You almost can't listen to a song by Jason Mraz without thinking of lazy summer days at the beach. Possibly because that's where he spends a lot of HIS free time. Our Ben Tracy tracked him down:
From "I'm Yours":
"Well, you done done me,
and you bet I felt it.
I tried to be chill,
but you're so hot that I melted.
If music had a season, Jason Mraz' songs would be the soundtrack of summer.
From "Make It Mine":
And I am finally there,
And all the angels they'll be singing
Ah la la la ah la la la I la la la la love you.
His tunes tend to be breezy and carefree, kind of like the guy who writes them.
"A lot of artists write the song about the dark place," said Tracy. "And you seem to write about how you get out of the dark place."
"Definitely," said Mraz. "I certainly don't want to bring an audience into that dark place and say, 'Come with me on a journey while I bum us all out,' and then hope that my next song gets us out. No, it has to happen within one song. If you're going to go to a sad place, for me I gotta get out of it before the song's over."
His albums have sold seven million copies, and while Mraz dabbles in melancholy he never lives there, even when the topic is dead serious, as with his hit, "The Remedy (I Won't Worry)."
"I wrote 'Remedy' about my best friend in high school," Mraz said. "His name is Charlie Mingroni. Right about the same time I was writing my first record, he was diagnosed with Ewing's sarcoma, a rare bone cancer. And he was born July 4th, and so I was triggered by the fireworks going off at Disneyland off the freeway and I immediately started rapping the verse."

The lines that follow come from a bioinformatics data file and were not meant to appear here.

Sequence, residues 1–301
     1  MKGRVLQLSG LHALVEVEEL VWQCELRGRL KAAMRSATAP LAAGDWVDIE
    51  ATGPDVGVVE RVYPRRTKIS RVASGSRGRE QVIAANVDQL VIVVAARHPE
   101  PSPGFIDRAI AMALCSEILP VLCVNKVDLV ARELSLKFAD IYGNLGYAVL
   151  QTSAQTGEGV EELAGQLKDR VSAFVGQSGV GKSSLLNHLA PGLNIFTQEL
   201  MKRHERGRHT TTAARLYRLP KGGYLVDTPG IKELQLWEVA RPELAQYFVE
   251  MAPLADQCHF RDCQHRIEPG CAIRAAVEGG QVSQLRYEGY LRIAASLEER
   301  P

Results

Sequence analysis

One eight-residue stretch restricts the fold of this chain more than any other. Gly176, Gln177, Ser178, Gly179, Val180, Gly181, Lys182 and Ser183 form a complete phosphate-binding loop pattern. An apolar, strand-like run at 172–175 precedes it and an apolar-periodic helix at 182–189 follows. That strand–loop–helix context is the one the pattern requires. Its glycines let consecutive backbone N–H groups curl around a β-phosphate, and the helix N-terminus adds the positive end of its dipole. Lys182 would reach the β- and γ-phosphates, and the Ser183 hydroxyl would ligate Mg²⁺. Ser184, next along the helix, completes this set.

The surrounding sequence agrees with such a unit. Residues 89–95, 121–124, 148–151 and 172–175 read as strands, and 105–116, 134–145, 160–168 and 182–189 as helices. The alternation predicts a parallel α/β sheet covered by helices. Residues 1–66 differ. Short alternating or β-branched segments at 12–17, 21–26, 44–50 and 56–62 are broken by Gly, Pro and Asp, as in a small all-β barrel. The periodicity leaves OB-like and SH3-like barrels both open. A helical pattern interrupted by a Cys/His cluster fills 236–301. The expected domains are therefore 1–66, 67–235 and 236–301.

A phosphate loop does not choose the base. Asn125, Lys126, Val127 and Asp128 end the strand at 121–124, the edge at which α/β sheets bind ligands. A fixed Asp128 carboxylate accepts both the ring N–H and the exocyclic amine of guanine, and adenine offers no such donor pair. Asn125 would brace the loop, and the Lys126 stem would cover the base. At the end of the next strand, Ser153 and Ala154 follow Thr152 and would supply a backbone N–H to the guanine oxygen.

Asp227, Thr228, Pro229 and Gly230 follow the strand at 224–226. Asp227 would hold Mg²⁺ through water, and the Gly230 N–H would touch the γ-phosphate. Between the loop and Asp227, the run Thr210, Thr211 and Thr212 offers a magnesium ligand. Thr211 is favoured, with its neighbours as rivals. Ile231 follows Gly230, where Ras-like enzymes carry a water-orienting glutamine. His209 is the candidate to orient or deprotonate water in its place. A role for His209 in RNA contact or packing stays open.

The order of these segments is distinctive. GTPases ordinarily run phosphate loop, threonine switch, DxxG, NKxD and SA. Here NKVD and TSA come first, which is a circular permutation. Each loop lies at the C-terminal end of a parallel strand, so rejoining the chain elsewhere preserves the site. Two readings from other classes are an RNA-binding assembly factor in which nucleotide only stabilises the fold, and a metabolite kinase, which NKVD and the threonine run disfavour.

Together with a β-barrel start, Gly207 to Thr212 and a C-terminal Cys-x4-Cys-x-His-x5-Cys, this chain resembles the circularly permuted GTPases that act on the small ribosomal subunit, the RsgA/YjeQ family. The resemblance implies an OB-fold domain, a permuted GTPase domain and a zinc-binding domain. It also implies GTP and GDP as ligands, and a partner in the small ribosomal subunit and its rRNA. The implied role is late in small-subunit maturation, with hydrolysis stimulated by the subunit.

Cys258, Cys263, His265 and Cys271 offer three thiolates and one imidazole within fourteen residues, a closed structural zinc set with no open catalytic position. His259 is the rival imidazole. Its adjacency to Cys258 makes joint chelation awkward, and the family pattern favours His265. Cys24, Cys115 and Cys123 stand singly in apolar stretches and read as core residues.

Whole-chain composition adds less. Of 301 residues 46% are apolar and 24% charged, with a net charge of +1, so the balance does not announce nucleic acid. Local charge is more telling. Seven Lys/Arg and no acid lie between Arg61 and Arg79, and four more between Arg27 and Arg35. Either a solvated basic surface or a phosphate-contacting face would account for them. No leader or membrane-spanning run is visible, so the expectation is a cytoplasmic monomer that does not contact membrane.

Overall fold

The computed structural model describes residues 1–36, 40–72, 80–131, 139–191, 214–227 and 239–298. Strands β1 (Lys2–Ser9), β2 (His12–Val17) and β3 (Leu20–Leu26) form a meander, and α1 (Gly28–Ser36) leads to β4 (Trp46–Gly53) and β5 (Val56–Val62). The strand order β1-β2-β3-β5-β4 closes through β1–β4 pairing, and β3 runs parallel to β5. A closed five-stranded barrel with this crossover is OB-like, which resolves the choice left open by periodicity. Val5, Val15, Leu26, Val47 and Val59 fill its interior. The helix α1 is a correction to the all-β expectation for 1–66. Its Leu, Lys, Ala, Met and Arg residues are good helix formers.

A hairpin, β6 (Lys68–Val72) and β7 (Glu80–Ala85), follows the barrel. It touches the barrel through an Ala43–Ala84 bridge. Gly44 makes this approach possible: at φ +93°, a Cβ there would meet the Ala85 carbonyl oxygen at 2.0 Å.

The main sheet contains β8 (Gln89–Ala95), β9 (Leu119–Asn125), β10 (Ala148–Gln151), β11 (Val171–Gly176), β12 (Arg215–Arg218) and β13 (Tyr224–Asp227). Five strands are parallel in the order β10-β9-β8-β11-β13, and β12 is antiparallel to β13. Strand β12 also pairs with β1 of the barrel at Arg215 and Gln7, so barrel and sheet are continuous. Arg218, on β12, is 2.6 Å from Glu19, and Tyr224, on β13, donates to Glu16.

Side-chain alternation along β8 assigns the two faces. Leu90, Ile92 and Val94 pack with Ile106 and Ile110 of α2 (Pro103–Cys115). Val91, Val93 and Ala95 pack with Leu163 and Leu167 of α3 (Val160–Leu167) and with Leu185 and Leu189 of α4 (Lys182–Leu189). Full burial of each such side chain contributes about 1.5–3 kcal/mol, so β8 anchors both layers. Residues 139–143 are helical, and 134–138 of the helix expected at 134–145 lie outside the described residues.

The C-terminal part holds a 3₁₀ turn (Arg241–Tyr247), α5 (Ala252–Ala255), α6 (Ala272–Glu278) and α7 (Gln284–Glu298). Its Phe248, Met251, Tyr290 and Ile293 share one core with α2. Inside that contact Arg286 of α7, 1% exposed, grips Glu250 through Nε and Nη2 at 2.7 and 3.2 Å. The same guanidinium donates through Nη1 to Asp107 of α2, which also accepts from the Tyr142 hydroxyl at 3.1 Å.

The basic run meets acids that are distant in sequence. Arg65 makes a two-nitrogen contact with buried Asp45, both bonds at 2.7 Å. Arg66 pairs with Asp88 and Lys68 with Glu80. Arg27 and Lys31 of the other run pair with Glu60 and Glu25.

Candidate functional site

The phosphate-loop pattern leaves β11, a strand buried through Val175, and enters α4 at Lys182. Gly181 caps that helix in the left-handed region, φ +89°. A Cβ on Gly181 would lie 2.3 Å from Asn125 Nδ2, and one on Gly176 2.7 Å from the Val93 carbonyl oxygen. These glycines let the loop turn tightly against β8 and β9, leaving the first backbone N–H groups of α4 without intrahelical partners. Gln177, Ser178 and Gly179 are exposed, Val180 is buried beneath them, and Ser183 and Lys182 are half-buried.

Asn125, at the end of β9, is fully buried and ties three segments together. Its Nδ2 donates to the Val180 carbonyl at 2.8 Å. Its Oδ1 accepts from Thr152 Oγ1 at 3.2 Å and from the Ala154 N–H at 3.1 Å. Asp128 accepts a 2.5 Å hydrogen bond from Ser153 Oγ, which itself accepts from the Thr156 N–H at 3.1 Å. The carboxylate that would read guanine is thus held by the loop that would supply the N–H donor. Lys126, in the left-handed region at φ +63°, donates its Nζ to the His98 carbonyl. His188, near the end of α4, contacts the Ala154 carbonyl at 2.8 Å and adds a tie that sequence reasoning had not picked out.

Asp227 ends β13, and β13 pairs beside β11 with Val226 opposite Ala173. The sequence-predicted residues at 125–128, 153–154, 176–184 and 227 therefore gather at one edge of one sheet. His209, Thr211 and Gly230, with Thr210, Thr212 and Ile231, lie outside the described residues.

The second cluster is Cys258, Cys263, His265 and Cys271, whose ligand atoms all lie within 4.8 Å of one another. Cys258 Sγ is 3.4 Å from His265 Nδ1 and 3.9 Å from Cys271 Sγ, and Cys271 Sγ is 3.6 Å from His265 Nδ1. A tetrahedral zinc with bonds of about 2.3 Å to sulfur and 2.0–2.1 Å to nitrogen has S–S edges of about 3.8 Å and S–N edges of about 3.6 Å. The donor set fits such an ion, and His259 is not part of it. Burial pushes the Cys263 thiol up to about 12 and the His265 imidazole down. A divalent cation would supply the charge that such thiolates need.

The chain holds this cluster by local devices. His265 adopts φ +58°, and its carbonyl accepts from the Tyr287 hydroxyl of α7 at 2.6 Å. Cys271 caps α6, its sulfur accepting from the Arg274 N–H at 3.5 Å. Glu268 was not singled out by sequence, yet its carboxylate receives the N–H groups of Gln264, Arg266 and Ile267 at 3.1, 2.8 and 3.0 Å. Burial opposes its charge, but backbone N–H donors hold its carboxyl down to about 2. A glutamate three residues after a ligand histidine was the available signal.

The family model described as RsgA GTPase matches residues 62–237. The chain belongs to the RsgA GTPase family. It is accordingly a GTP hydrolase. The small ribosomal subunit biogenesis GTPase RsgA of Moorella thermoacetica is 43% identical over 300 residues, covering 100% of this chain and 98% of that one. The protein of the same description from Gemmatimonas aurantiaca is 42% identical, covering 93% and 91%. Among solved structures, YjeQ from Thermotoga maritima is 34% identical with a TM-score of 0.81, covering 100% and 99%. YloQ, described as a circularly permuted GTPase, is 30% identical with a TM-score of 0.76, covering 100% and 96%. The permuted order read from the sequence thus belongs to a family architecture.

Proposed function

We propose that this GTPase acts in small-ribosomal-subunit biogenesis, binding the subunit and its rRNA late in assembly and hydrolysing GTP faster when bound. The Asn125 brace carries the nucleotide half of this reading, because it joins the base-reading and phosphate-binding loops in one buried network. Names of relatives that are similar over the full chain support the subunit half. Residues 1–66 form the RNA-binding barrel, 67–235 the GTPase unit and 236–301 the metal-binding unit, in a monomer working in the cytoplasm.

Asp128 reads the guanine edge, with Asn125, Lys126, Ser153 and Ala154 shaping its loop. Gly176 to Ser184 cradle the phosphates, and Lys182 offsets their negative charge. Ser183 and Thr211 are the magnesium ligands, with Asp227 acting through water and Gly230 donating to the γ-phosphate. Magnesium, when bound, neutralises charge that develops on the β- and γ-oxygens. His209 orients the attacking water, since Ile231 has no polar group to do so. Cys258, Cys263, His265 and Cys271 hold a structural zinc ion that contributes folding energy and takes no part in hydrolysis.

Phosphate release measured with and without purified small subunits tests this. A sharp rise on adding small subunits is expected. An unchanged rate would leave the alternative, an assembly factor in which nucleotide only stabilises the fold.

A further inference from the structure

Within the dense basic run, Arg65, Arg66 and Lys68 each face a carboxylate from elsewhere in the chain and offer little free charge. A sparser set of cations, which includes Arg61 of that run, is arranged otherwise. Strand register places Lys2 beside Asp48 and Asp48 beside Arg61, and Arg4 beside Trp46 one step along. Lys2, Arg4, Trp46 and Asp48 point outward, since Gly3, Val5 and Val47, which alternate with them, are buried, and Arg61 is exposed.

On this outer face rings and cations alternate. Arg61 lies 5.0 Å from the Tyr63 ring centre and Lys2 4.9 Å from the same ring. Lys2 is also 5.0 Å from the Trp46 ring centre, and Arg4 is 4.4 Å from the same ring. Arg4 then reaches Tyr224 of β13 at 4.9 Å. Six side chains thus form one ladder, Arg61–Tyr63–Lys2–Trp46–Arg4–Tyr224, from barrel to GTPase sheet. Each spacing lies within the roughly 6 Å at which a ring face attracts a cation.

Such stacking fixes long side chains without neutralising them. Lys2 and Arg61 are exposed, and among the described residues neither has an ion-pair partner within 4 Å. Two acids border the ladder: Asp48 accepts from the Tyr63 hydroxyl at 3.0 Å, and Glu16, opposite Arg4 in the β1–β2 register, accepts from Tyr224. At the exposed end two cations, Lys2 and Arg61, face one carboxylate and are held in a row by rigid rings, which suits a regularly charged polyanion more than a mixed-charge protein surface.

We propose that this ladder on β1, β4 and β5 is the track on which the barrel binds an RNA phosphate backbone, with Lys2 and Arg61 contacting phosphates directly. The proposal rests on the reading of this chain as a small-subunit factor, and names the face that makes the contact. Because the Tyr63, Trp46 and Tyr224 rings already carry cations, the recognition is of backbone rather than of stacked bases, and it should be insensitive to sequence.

'I saw fireworks from the freeway,
behind closed eyes I couldn't make 'em go away.
You were born on the 4th of July,
but something on the surface it stings.
Something on the surface it kinda makes me nervous.
Who says that you deserve this?
What kind of God would serve this?
We'll cure this dirty old disease.
If you've got the poison, then I've got the remedy
The singer still likes to return to where his life in music began, playing coffee shops in Southern California. That exposure led to his first record deal, and a 2002 album aptly titled, "Waiting for My Rocket to Come." It carried him out onto the road, where he built his fan base.
But it was his song "I'm Yours," from his third album, that in 2008 sent his career into the stratosphere. It spent 76 weeks on the Hot 100 charts, a record at the time.
"I kept thinking, 'Okay, any minute now this is gonna be over and I'm gonna go back to the coffee shops,' and I still think that!" he laughed. "It's been ten-plus years on the world stage, and I still think that I'm gonna go back to the coffee shop someday."
I keep my life on a heavy rotation
Requesting that it's lifting you up up up and away
And over to a table at the Gratitude Cafe.
Mraz has earned a reputation as a songwriter who knows how to turn a phrase, and then turn it on its head. His skills have earned him two Grammys Awards, including one for his "Lucky" duet with singer Colbie Caillat.
You'll find those Grammys at Mraz's home near San Diego, in his "awards room," which also serves a less laudatory purpose -- the bathroom.
"It's a little bit of embarrassment hanging them on the wall, and yet the bathroom is the place that just about everybody needs to visit at least once when they're here, so then they're forced to be surrounded by our accolades!" he laughed.